that I would use FX rather than back up or resort to the long odds of quantum mechanics by shooting a 300/2.8 unless I had a very specific reason to do so.
I would write-off anything inside of 16 ft rather than switch to a 300/2.8 hoping something would land somewhere between 6 and 16 feet. I believe FX and 700mm is a statistical winner in that regard.
(actually, the better I get at using my Sibley bird app the more of a problem this distance thing becomes but that's life, and part of the art of using that app)
As far as the rest, I'm not exactly sure what you are trying to say. I don't think that hard about it. I want the biggest piece of glass I can afford and can carry. I want an FX sensor with resolution at least as good as the D300 in terms of sensor density. Any more density is a bonus.
The D800 fits the bill. As far as 1.2x crop factors... I don't think about it or worry about. I just worry about shooting as many birds of interest as I can that land within some sort of shoot-able distance.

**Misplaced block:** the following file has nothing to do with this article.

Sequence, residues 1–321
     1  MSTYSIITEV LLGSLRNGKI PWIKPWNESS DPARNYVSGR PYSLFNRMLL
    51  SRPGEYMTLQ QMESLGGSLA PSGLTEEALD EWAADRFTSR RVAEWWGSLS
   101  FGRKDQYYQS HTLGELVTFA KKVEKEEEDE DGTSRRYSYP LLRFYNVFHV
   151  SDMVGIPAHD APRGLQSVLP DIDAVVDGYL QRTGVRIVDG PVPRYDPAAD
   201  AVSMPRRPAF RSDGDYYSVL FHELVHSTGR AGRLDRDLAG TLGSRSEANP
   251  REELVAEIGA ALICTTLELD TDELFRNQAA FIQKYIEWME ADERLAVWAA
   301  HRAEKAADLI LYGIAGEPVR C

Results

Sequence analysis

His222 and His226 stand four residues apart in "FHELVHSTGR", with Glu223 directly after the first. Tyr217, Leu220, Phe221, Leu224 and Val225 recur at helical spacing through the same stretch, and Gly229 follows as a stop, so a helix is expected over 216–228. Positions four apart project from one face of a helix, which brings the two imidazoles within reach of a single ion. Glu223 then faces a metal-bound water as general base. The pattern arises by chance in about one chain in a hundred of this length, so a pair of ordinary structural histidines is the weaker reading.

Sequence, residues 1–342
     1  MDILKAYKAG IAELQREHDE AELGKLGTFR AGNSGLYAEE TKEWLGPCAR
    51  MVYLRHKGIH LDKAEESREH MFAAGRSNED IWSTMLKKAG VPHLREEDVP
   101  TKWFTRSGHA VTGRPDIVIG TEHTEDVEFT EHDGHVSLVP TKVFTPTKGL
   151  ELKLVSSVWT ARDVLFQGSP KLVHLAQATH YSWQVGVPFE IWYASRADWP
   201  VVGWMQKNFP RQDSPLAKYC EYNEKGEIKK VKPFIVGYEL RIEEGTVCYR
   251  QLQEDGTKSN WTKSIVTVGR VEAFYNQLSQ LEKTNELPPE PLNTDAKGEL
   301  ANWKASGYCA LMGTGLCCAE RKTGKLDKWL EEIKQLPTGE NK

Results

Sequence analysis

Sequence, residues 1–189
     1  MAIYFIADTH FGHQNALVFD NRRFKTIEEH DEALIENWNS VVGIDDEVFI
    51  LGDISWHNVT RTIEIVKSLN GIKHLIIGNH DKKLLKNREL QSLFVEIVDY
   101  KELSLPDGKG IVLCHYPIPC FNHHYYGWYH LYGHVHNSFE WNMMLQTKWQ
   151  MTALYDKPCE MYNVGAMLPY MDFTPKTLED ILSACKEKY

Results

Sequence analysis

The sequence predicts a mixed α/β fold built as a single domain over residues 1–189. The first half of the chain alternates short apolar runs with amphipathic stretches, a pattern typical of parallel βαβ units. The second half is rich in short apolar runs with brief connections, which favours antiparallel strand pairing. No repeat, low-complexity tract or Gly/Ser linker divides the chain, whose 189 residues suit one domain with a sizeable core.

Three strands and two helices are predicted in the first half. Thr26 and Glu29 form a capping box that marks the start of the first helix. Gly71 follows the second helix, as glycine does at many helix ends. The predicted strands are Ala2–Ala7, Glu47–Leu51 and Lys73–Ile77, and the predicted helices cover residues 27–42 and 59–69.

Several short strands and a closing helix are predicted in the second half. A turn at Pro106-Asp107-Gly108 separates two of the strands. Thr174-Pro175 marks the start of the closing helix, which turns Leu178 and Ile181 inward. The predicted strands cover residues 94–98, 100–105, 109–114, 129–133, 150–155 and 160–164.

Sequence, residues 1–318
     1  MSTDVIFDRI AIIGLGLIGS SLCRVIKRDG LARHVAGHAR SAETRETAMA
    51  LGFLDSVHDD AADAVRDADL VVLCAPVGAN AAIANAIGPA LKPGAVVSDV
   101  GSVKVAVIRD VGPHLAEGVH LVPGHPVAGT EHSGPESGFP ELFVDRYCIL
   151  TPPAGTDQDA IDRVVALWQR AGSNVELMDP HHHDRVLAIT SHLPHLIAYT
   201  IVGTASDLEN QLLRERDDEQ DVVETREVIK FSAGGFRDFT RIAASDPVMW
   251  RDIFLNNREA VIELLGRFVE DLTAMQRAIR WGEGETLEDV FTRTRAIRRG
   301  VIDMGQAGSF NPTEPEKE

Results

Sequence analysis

A 1x crop factor would be best, then a 1.1x then a 1.2x and so on. I want to fill the frame to the extent I can get a workable composition. With FX it is unlikely a small bird would create a problem on FX but larger waders and etc. certainly could.
I don't worry about doing this and that and then opening up 1/3 stop. I don't pick the working distance, the bird does. I don't pick the light; the bird does. When the bird perches in my shooting zone I do what I need to do in order to try to shoot it. I keep things simple in the field because what I do is complicated enough.
I suspect I have far more interest in shooting documentary images than you. That is why we are doing very different things. If a bird lands where I can make art, I try to make art. If he doesn't and he's a bird of interest I get whatever shot I can get.
I often spend days just trying to get one documentary shot of one bird, but in that case it is a very rare bird (at least locally). I spend a lot of time chasing rare birds. In this age of eBird it is actually easier to chase rare birds than more common birds.
I do not believe I am the "typical bird photographer" here. I started out that way but that is not where I have evolved the past few years.